Deciding to separate or divorce from your spouse or partner is often one of the most stressful life transitions that we embark on. It can be difficult to take care of yourself while also being a supportive caregiver for your kids—who have their own feelings and opinions in the matter.
Effective parents nurture their own needs along with their child’s. When faced with a major life change our stress levels go up, increasing our risk of depression, anxiety, insomnia, and unhealthy coping strategies, like excessive alcohol or drug use.
It is essential that parents going through this life altering process engage in self-care on a daily basis. Here are some initial guidelines for parents starting the journey of separation and divorce:
Don’t go through it alone—this is not the time to socially isolate.
Most people go through the five stages of grief when coping with the break-up of their relationship—denial, anger, bargaining, depression and acceptance. Make sure to have regular contact with supportive family, friends, support groups, and a personal therapist, if needed. Knowing you are not alone on your journey and having someone to talk to is critical.
Take regular time-outs for rest and relaxation.
Re-engage in leisure activities and enjoyable hobbies. Regular exercise will help you ward off depression (even just a 15-minute walk on your lunch hour) and give you needed energy.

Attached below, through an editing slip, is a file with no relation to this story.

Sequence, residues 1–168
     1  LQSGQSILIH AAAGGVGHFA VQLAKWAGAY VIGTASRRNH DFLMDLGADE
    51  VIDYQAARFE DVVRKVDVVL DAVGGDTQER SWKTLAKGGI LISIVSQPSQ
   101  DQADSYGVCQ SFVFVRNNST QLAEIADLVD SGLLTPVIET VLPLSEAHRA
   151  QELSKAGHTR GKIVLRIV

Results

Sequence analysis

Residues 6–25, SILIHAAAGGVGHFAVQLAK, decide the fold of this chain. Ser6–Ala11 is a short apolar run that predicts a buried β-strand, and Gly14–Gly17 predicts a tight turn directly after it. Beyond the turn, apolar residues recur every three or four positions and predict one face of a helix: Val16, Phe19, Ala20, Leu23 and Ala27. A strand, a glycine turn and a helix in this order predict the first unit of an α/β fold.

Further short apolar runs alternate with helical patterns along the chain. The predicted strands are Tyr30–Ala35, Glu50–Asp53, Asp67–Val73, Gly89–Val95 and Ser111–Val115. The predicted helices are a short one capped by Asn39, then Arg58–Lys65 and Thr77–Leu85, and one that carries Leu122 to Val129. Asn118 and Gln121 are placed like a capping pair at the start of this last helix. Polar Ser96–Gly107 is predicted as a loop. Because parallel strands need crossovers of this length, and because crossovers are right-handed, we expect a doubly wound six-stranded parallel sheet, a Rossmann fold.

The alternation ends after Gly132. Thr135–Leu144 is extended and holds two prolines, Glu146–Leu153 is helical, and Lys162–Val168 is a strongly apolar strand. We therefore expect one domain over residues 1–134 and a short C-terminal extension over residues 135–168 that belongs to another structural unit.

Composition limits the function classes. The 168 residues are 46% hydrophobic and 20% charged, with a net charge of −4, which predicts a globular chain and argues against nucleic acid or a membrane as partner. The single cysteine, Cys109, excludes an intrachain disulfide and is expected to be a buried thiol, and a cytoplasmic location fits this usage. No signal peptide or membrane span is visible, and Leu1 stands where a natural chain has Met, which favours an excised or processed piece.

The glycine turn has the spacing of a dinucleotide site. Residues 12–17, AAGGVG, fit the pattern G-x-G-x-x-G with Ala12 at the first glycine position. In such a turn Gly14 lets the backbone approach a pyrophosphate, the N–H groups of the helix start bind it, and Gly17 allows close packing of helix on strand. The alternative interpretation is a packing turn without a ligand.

Focus on the hopeful and positive aspects of your family’s situation.
It can be easy to fall into feelings of despair and “poor me” thinking but studies show that keeping a gratitude journal can remind you of the things that are going well and increase your level of emotional well-being. Start by taking five minutes to list three to ten things that you are grateful for every day in your journal. It can be as small as “cold brew coffee” and as important as “my kids.”
Be playful and available for your children.
Don’t forget you are an emotional anchor for your children. Engage them in activities that provide quality one-on-one time. Keep your eyes open for any signs of emotional distress and give them your full attention and compassion.
If you are dating, take it slow.
Your children are also going through an adjustment and they need as much consistency as possible. Be sure not to introduce your dates to your children until it’s a serious, long-term relationship.
Would you like some additional individualized support and strategies? Call us at 1-888-927-0839 to set up a private consultation. We specialize in all types of separation and high conflict divorce. Join our ongoing Single Parents Support Group!
By Mechele Pruitt